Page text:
But it is hardly impossible.

Good investing,


The Tide Is Turning for This Industry

Emerging Trends Strategist Matthew Carr's Switch Trade Alert is all about proactively hedging your portfolio for when the markets turn "inefficient." Instead of focusing solely on the upside of a bull market, he teaches you how to capitalize on downside opportunity.

His latest recommendation is storied gun manufacturer American Outdoor Brands (Nasdaq: AOBC) - formerly Smith & Wesson. Here's his analysis from last Friday...


There aren't many topics as divisive.

But we're not worried about politics. We're interested in the business.

And business right now is bad for gun manufacturers.

For years, gun sales soared on the fear that people would have their guns taken away. Every headline-making tragedy sparked a surge in gun sales.

That isn't the case anymore.

And in March, storied gun-maker Remington Outdoor filed for Chapter 11 bankruptcy protection. The company announced it had between $100 million and $500 million in debt.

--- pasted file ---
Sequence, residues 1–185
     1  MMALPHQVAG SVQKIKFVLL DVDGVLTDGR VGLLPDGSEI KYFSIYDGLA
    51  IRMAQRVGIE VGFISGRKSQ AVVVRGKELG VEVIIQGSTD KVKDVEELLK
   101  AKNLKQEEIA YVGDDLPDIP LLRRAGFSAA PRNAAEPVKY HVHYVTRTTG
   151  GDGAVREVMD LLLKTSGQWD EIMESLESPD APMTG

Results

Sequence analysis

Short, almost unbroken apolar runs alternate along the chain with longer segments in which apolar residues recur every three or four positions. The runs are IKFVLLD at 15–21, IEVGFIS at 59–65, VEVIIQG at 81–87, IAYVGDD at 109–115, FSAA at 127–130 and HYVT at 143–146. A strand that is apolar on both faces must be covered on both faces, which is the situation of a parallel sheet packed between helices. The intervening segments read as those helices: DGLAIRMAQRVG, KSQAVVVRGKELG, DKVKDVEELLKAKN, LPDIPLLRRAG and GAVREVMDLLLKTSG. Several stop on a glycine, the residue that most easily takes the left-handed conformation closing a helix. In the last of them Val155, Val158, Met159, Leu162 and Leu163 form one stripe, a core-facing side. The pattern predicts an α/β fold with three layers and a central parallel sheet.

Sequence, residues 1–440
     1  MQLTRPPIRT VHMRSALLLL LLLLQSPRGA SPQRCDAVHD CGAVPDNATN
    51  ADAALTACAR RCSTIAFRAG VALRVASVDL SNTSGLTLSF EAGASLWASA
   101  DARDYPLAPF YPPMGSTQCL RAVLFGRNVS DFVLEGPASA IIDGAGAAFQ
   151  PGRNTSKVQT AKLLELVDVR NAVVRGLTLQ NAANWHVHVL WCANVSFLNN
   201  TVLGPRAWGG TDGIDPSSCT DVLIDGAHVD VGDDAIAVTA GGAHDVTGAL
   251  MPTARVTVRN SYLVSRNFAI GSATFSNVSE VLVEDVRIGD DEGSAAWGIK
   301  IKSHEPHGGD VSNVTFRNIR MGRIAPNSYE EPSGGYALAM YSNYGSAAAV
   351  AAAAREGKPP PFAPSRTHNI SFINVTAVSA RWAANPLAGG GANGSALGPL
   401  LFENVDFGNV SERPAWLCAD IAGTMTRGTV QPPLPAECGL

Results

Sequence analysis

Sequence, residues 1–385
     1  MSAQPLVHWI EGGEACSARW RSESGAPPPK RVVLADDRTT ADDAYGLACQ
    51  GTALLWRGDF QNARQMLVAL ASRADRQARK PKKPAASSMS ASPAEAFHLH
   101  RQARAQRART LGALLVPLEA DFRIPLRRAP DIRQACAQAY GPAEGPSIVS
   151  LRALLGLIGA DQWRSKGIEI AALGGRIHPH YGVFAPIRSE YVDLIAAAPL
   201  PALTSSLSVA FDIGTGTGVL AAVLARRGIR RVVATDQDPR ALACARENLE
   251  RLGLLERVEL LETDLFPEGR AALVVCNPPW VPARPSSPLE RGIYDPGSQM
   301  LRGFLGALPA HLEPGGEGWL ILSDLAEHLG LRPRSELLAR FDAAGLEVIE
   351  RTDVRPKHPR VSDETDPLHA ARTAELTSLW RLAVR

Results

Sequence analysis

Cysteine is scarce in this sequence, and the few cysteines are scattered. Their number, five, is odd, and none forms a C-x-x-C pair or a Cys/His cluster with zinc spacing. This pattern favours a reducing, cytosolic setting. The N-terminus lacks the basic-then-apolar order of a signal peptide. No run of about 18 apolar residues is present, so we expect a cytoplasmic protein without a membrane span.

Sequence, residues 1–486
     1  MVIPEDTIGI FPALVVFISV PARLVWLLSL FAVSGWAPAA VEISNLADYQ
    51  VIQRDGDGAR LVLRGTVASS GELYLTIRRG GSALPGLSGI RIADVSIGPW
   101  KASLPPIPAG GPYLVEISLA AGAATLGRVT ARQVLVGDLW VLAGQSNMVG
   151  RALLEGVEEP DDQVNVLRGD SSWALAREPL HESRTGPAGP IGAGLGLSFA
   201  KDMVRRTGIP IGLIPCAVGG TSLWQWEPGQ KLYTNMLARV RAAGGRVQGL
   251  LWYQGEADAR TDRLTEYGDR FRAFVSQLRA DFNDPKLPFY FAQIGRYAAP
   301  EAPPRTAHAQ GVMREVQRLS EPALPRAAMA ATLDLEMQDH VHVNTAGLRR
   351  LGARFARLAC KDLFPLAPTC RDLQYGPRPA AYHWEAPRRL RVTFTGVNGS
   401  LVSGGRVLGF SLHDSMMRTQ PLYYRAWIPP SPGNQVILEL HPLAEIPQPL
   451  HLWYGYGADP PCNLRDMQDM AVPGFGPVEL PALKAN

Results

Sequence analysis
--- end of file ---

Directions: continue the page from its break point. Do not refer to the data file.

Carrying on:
Sales of Remington's guns had fallen more than 27%.

Today, we're going to look at another storied gun manufacturer, American Outdoor Brands (Nasdaq: AOBC) - formerly Smith & Wesson.

As we've seen across the industry, the company's revenue has really tapered off over the past year.

During its third quarter release in March, American Outdoor Brands reported revenue fell 32.6%. That was a drop from $233.5 million to $157.4 million.

Net income went from $0.66 in the third quarter of 2017 to just $0.09.

For the fourth quarter, revenue is expected to drop 29% to $162.77 million. At the same time, EPS is expected to tumble 82.5% from $0.57 to $0.10.

Over the last 90 days, that's fallen from a consensus of $0.37.

For the company's fiscal year 2018, revenue is expected to decline more than 33% to $597.6 million.

The company has stated that it doesn't expect market conditions to change over the next 12 to 18 months.

And in the first quarter of American Outdoor Brand's fiscal year 2019, revenue is projected to decline single digits. Plus, EPS is expected to swing to a loss.

Buy the American Outdoor Brands September $10 puts. The last trade here was $1.00. But the current bid-ask is $0.70 to $0.85. So be patient and go as low as possible. My Projected Price Indicator believes shares of American Outdoor Brands are worth no more than $6.46. Our buy-up-to price is $2.00.

- Donna DiVenuto-Ball with Matthew Carr

Live Twitter Feed